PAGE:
Lastly, I'd like to mention my 'new' discovery, Robert Ellis. He is currently touring on his latest release Texas Piano Man! It’s funny that Robert Ellis’ new album Texas Piano Man was released on Valentine’s Day. While there are a good number of love songs on the record, it’s alarmingly disillusioned, not the idealized stuff of greeting cards and romantic comedies. There’s a cheeky examination of bickering in “Aren’t We Supposed To Be In Love,” acts of longing and desperation on “When You’re Away” and a seemingly funny tune about a “Passive Aggressive” partner that’s actually kind of sad. “That’s one way to communicate,” Ellis sings. “I wish you would just give it to me straight”—not exactly the doe-eyed love song you’re after on Feb. 14. The relationships on this dazzling album are far from perfect, but they’re honest, and the multi-talented Ellis, coming off a string of breakup records, sounds more comfortable in his skin than ever before.
Album opener “F*%#$@ Crazy” is an ode to serious, reckless love disguised as a carefree romp. “You make me want to tear the world in two,” he sings. “I lost touch with reality, there’s nothing I can do.” It’s the kind of humorous yet heartfelt songwriting Ellis is known for. Even when he’s desperately in love, he can’t resist some profanic dark humor.
And then again, the Valentine’s Day release date is perfect. On the nostalgic “Nobody Smokes Anymore,” a prickly pining for the good ol’ days, Ellis unleashes an audible smooch. “No one has fun anymore,” he sings, like a hyped up Harry Nilsson. “Everybody’s so stressed out.” Here, his Elton John-inspired piano pop is on full display while he expresses our human need to reminisce.
“Let Me In” somehow manages to sound like it belongs both on the Wicked soundtrack and a jam band’s live album. There’s a repetitive twinkle to it that’s reminiscent of the optimistic rising action in a Broadway show. It’s anticipatory of something. “I’m out here waiting, ticking like a clock,” Ellis sings.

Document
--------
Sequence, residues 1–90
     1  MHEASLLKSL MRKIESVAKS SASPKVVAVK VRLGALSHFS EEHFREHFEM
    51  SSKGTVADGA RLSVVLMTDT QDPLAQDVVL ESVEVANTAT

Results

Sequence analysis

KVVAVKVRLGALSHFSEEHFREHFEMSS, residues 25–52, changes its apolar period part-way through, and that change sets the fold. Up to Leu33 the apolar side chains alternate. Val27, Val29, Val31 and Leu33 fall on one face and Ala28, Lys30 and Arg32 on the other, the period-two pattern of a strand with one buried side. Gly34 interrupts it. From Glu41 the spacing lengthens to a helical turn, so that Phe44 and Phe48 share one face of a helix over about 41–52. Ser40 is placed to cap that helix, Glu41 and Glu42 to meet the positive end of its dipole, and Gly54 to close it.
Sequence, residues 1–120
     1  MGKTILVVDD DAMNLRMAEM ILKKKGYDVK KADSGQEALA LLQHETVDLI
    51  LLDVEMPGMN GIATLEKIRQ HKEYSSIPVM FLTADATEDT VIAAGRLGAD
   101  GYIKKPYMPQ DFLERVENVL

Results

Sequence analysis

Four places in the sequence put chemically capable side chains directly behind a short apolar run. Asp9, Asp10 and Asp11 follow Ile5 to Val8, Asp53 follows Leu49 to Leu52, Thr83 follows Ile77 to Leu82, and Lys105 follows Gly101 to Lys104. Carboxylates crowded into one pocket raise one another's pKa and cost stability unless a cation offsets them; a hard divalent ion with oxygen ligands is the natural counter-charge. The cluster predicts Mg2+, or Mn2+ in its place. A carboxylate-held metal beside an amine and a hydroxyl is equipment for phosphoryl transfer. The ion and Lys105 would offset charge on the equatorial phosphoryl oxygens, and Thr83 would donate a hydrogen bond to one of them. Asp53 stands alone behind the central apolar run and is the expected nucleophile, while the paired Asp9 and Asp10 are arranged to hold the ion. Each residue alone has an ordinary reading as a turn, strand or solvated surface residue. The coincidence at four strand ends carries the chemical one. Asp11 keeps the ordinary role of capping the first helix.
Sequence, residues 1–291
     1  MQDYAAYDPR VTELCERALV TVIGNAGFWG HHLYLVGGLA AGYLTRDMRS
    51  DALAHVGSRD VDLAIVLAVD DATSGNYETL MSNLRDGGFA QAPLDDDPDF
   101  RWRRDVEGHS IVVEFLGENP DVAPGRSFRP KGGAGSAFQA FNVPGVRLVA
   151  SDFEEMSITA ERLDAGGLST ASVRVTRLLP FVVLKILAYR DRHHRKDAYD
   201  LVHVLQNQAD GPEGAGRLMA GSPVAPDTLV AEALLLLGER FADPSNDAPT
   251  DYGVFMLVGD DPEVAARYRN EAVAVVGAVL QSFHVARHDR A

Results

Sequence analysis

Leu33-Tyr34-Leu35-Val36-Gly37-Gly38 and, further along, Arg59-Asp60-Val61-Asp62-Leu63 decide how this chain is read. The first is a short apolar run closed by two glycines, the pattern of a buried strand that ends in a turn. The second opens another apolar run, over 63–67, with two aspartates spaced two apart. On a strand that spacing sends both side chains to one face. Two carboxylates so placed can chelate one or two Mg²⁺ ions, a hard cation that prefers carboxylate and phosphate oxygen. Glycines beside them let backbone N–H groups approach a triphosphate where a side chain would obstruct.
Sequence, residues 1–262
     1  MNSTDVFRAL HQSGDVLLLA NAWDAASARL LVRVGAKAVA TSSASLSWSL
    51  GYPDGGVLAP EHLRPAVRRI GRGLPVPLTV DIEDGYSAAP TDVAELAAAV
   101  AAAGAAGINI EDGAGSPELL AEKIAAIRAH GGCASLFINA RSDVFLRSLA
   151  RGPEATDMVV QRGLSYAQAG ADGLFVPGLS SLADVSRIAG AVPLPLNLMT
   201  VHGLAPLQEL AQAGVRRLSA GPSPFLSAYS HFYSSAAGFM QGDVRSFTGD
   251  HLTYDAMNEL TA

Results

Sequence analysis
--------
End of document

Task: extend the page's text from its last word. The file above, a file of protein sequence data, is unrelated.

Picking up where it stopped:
On “He Made Me Do It,” a track bemoaning the devil on your shoulder, Ellis’ Dr. Jekyll blames his Mr. Hyde for a series of missteps (“I said some stupid things and ruined everybody’s fun / And he made me do it”). At the end of the song, Ellis wonders if he’s the only one with a pesky inner monster. “Doesn’t anybody else have a little voice inside their head? / I know I cannot be alone.”
Towards the end of the album, Ellis is more Jimmy Buffett than Elton John on the toned-down twist on “Margaritaville,” “Topo Chico.” On this song, it’s not 5 o’clock somewhere, but 11 a.m. everywhere—Ellis says he’s “just fine” with a glass of sparkling water (a “bubbly libation” with a “focus on hydration”) and lime. There’s no need for anything stronger. With seriously clever wordplay, Ellis brings a fun new angle to the tropical tropes made famous by Buffett.
Texas Piano Man is exactly what it sounds like: a cross between country-blues and piano-pop. Ellis surely knows his way around the keys, and his fifth studio album is funny, frank and alive. It’s a storyful, self-realized album that also happens to be a hell-of-a good time to listen to. This madman on piano will make his debut performance at Gruene Hall on Friday May 17th.
No matter when you visit, make live music at one of our many venues, part of your experience, 'In New Braunfels'
Until next time....